Why isn’t there any anger in modern pop music?
It’s all so spineless, modern pop music. Don’t you think? If One Direction and Ed Sheeran are the musical expression of the zeitgeist, what does it say about the fire burning in today’s youth?
It’s hardly even a fire, it’s a gas-powered fireplace turned to moderate heat to which you can snuggle up with a hot chocolate. Surely part of growing up is being an ‘angry young man’ (or woman), almost all the best pop music from the preceding decades were fuelled with youthful anger – Public Enemy, NWA, Nirvana, The Smiths, The Ramones, The Sex Pistols are just the tip of a very large, angry iceberg. Even John Lennon ensured there was an underlying rage in The Beatle’s catalogue. Go back to Little Richard and Jerry Lee Lewis and you’ve got the essence of rock & roll right there. Pure anger.
Being angry is all part of growing up – slamming doors, piercing your nose, boots and leather jackets are all expressions of an anger with the world and it’s healthy. Because let’s face it, the world is a messed up place, when you get to your teenage years you begin to realise that. They say that if a teenager is not rebellious, then you need to worry.
It’s funny though, as the outward and musical expression of anger disappears, replaced by manufactured, X-factor inspired pulp with more focus on ‘soulful’ style rather than actually saying anything, there seems to be more news of violence among our youth. Are we missing something here? Perhaps the angry aspect of rock & roll served a function, a safety valve for youthful rage that isn’t present at the moment.
The Who’s Roger Daltry summed it up perfectly – “There's not enough anger out there in the music," he said in a recent interview with The Standard. “And there's not a lot of contemplation in the lyrics, it's all very sweet ... but that's the iPhone generation.”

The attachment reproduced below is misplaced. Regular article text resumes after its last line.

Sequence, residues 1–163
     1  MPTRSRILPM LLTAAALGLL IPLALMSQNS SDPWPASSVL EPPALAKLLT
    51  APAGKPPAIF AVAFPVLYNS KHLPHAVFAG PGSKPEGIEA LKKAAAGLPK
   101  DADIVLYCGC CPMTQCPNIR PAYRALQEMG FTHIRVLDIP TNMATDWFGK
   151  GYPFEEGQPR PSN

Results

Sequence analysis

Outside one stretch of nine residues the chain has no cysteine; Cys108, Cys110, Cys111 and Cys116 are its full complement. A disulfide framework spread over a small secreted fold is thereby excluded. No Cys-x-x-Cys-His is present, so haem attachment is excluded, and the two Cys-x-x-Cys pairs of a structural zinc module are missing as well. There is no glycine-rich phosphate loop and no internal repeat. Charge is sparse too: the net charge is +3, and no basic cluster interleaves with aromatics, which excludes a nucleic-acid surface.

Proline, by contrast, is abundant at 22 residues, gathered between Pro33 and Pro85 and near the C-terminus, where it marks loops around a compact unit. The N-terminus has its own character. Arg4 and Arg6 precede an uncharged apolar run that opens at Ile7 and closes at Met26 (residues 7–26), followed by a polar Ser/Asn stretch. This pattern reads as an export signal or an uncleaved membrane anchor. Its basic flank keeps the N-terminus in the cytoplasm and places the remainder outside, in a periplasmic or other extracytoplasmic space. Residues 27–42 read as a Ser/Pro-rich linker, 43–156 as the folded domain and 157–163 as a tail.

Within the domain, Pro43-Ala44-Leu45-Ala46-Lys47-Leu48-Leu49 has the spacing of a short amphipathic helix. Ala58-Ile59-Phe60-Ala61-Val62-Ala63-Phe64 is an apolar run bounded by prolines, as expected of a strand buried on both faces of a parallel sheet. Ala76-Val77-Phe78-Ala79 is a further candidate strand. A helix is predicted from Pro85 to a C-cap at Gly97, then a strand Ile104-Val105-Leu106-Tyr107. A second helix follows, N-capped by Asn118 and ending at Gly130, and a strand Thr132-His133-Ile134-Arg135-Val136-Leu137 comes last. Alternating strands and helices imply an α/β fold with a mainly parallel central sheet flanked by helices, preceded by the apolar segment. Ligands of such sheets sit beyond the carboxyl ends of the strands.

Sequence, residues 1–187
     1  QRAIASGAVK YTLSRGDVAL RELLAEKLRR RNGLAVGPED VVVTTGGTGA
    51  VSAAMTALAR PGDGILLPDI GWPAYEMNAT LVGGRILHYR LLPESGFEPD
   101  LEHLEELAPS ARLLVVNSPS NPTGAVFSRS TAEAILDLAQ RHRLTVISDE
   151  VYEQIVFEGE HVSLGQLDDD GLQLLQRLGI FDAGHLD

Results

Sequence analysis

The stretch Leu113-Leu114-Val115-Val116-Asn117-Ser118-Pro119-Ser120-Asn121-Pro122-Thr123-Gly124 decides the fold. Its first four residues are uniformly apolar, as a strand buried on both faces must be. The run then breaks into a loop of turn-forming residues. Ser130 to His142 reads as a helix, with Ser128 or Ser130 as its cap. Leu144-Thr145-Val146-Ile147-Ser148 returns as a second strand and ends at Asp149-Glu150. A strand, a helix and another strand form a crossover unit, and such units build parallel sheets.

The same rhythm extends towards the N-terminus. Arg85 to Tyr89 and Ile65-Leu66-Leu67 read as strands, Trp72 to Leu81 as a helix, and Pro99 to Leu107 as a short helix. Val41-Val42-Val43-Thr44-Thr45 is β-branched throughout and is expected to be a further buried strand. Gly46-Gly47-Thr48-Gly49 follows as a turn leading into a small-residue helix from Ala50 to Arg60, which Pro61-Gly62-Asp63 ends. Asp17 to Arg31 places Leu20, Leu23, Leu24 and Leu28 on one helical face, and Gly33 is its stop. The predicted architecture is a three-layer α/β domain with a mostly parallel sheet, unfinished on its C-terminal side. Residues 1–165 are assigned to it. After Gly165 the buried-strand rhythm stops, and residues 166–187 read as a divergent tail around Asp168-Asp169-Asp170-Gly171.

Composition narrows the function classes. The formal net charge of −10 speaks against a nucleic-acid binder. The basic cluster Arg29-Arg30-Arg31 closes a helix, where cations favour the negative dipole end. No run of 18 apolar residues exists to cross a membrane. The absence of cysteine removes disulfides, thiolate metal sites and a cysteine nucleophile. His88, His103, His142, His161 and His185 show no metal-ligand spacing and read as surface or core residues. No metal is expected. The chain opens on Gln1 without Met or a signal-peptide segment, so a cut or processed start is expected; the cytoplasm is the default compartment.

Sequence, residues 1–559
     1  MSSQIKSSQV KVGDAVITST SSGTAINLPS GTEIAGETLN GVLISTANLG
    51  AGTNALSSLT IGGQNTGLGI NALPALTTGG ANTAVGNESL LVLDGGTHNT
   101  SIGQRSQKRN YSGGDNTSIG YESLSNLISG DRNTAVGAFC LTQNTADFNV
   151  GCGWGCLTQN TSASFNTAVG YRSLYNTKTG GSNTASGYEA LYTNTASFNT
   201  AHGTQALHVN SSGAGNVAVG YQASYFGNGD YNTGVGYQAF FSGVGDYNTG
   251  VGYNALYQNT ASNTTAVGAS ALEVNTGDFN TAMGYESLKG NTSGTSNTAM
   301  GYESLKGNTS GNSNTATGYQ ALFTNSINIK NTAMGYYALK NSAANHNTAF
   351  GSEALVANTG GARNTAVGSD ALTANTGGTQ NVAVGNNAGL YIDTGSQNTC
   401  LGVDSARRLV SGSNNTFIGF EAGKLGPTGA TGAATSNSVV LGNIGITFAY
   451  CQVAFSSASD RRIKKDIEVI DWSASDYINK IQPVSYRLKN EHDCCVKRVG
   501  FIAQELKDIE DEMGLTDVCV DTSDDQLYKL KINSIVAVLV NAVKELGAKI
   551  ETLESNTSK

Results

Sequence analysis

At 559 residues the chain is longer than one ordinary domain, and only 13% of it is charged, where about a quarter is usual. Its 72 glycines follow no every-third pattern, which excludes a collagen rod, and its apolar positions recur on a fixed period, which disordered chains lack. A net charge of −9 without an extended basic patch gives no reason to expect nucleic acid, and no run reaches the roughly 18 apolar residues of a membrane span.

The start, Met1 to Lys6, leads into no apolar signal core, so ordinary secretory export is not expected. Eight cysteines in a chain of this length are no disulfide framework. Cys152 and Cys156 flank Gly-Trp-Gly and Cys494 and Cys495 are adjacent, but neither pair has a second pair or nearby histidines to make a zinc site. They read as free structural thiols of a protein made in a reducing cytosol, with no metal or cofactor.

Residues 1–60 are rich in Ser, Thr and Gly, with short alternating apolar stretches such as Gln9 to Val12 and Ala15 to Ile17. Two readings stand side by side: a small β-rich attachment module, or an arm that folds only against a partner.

The Prodigy, the angry young men of the noughties roll into town to play The 3 Arena on the 30th of November and they’ll have the grand old masters of politically infused hip-hop Public Enemy with them. If you’re old enough to have been a part of underground rave scene of the 90s then you’re probably still young enough to enjoy a blow out at the gig.
While many of the original ravers have since grown-up, found sense and had children of their own, so they might indeed have kids old enough to appreciate a bit of anti-establishment, rave-influenced cyber-punk techno.
They’re promoting their new album ‘The Day is My Enemy’. The band’s main man Liam Howlett said about it - “I can’t tell you why this record came out so angry, I think it’s just inbuilt in me,” he says. “It’s more about what I like music to do. I’ve always seen music I like as a form of attack. That’s what I use music for, it’s an attack. I didn’t plan this album to sound violent, it’s just the sound that came out of the studio, a kind of build up over the last 4 years. ‘Anger is an energy’, that’s a lyric which always resonated with me. The tension is buried deep in the music right from the first drop. It’s all about the sound having that sense of danger. That’s what The Prodigy sound is about.”
Maybe you were a Prodigy fan in your day, maybe not, but you could do worse than introduce a younger generation to ‘angry music’ they just might enjoy it.
The Prodigy and Public Enemy play The 3 Arena on 30th November. Under 16's to be accompanied by parent/guardian.